In their seminal framework of the causes of undernutrition, the United Nations Children’s Fund (UNICEF) identified three underlying causes of undernutrition: inadequate care and feeding practices, household food insecurity, and an unhealthy household environment and inadequate health services. All are behavior related, making behavior change paramount to the prevention of stunting and anemia.
To frame SPRING’s work in SBCC for maternal, infant, and young child nutrition (MIYCN), we conducted a review of SBCC strategies and theories, as well as a systematic literature review exploring the effectiveness of SBCC approaches in changing priority MIYCN practices, which were drawn from The Lancet’s 2008 and 2013 Maternal and Child Nutrition Series, the WHO’s Essential Nutrition Actions document (2013), the WHO’s e-Library of Evidence for Nutrition Actions, and UNICEF’s report Improving Child Nutrition: The Achievable Imperative for Global Progress. SPRING considers certain hygiene practices to be of critical importance to nutrition outcomes and promotes behaviors related to handwashing—at a minimum—for all of our MIYCN activities.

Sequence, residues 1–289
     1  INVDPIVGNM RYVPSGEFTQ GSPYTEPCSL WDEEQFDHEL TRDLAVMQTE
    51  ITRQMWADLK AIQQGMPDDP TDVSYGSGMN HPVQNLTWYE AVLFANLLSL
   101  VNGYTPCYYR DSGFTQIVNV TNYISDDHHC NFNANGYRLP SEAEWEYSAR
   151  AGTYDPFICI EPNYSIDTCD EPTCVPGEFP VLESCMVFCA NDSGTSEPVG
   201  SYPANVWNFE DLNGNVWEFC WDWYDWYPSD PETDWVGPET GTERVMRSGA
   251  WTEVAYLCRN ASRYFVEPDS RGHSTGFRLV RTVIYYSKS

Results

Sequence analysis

SPRING promotes improved MIYCN and hygiene at every level of the ecological model, including systems, national policies and strategies, community, household, and individual levels. SPRING has been directly involved with developing government-led nutrition and SBCC strategies in a number of countries, health systems capacity building for nutrition, and community-led efforts to promote MIYCN and hygiene. SPRING has also spearheaded a multi-year engagement with the Nigerian Federal Ministry of Health and UNICEF to evaluate the national adaptation of the Community Infant and Young Child Feeding (C-IYCF) Counselling Package that is being scaled up in Kajuru LGA.